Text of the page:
Stewart Stern, the man who helped make James Dean an American icon.
  • Davis Freeman
  • Stewart Stern, the man who helped make James Dean an American icon.

Stewart Stern, a screenwriter most noted for providing one of the two screenplays, Rebel Without a Cause (1955), that transformed James Dean into a 20th-century god, passed away Monday, February 2, at age 92. For many, such as myself, the man's life in Seattle was something of a mystery and even a bit magical. He left a glamorous life in Hollywood, and friendships with the likes of Paul Newman and Tony Curtis, for what pretty much amounted to the sticks—Seattle in the middle of the '80s. He often explained that he moved here because he had a creative crisis, and he also admired the beauty of the region. But no matter what answer he provided, it was hard to reconcile the suffocating ordinariness of pre-Amazon Seattle with his glamorous past.

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He was raised among the giants of golden-age Hollywood, got his start writing a script for Fred Zinnemann (director of From Here to Eternity), was nominated for an Oscar on two occasions, and won an Emmy for the teleplay of Sybil. (He also has a screenplay credit for one of cinema's most bizarre films, Dennis Hopper's The Last Movie.) But the fact that he taught screenwriting at the University of Washington, founded the Film School with John Jacobsen (who confirmed his passing), and regularly engaged with the local film community showed he never once lost interest in his art. It was always very much in his blood.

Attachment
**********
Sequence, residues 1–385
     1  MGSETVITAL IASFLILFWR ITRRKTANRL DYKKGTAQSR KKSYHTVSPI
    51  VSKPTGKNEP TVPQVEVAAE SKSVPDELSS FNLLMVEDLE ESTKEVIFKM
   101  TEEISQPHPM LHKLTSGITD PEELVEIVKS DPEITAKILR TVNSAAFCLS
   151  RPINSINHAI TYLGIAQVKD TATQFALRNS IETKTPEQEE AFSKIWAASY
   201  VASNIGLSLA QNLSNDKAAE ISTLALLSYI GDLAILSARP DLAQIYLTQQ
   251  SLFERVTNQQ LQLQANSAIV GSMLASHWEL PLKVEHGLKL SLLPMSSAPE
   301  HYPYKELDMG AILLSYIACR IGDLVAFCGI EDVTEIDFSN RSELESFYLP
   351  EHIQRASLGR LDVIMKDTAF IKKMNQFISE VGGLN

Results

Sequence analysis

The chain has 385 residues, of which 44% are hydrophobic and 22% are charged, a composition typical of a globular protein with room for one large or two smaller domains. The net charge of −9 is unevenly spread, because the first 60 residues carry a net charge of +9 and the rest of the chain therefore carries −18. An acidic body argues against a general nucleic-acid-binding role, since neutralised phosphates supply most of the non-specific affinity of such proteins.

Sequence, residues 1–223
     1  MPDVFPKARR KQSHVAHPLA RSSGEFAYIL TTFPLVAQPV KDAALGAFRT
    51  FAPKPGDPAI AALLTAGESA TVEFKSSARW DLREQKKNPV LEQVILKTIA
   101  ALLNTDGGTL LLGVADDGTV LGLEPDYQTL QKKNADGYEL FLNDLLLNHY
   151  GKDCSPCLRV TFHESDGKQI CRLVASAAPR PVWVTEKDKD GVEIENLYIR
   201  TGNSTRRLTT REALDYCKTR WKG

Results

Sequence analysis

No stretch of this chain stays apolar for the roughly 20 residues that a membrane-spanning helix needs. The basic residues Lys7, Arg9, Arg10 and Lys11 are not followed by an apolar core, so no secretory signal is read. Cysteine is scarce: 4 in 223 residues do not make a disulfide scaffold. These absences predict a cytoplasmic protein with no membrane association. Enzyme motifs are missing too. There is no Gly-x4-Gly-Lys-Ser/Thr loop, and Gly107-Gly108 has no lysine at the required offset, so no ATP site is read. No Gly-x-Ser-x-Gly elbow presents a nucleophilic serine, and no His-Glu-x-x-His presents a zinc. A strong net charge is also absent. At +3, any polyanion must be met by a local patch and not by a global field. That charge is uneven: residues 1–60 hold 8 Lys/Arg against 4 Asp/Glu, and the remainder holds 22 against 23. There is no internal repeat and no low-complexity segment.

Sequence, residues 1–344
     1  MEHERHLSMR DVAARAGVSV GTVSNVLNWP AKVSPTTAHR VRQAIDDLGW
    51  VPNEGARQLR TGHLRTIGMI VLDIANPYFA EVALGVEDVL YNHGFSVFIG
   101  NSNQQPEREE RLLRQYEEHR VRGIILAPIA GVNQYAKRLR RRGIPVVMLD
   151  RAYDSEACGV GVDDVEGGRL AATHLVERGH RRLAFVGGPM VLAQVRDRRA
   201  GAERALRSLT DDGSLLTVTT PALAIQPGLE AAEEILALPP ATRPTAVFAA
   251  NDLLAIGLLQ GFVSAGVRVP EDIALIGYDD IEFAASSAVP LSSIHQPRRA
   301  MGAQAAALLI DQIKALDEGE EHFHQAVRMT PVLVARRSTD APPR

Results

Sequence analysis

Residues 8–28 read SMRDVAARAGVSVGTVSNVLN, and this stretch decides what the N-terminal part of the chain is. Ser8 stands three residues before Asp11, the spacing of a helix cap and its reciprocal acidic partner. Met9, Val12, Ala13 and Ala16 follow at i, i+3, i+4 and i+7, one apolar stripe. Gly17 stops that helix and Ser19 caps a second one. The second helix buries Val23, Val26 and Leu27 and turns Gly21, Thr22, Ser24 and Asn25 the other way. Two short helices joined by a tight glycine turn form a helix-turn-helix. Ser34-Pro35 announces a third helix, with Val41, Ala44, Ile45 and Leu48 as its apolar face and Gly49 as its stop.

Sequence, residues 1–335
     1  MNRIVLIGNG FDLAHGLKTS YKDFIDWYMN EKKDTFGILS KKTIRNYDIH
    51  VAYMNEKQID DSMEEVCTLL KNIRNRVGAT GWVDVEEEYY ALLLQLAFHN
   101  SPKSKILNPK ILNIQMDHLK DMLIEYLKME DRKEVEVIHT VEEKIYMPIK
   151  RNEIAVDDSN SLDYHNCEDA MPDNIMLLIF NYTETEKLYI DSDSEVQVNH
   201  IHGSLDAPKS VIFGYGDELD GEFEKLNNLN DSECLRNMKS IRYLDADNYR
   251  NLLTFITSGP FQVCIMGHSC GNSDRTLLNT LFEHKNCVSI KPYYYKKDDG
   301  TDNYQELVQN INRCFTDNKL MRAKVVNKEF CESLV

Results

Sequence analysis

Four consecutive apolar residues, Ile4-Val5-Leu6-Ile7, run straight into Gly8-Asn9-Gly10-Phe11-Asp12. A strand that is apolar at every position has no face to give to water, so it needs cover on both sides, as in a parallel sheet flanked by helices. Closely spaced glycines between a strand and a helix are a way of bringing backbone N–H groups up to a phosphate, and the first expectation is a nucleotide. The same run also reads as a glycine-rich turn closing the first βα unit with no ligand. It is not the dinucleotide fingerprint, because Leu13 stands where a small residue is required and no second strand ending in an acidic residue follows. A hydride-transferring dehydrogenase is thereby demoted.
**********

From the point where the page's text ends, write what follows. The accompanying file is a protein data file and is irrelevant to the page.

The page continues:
(L-R): Marlon Brando, Beatrice Lillie, Stewart Stern
  • (L-R): Marlon Brando, Beatrice Lillie, Stewart Stern.

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Lyall Bush, the executive director of Northwest Film Forum, had this wonderful thing to say about the man...

The Film Forum played Rebel Without a Cause in 2010 for the 55th anniversary, and we invited Stewart to talk to the audience after it. We gave him a chair and a microphone, and it became one of those nights when no one checks his phone or gets up to use the bathroom for an hour and a half. The theater was sold out, and Stewart talked about the film, remembering all the details of writing the screenplay, from his research into juvenile delinquents to the way James Dean was the one who found the toy to play with in the opening credit sequence (which, for Stewart, was a key to the whole film). He told an associated memory of being in war and seeing how men, on a battlefield, would hold other men the way mothers hold their children. And then he described going to Indiana for James Dean’s funeral, and how, at the house, Dean’s mother invited him to look at the bedroom where James grew up, and Stewart laid down on the bed. The theater was very quiet when he said this, as if everyone was imagining what that must have been like.

Below: An iconic scene from Rebel Without a Cause, Stern's most celebrated screenplay.

Stern was also a big fan of the Woodland Park Zoo—he loved the gorillas and the elephants.

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